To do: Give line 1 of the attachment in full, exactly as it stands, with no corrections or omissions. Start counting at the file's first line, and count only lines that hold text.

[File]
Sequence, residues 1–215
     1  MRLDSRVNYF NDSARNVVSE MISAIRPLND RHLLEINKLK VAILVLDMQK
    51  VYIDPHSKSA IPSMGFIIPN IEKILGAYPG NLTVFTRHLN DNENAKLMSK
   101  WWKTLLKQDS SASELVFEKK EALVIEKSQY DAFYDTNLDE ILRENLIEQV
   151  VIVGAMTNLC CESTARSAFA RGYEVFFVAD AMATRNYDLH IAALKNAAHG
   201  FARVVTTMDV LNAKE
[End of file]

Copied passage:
Sequence, residues 1–215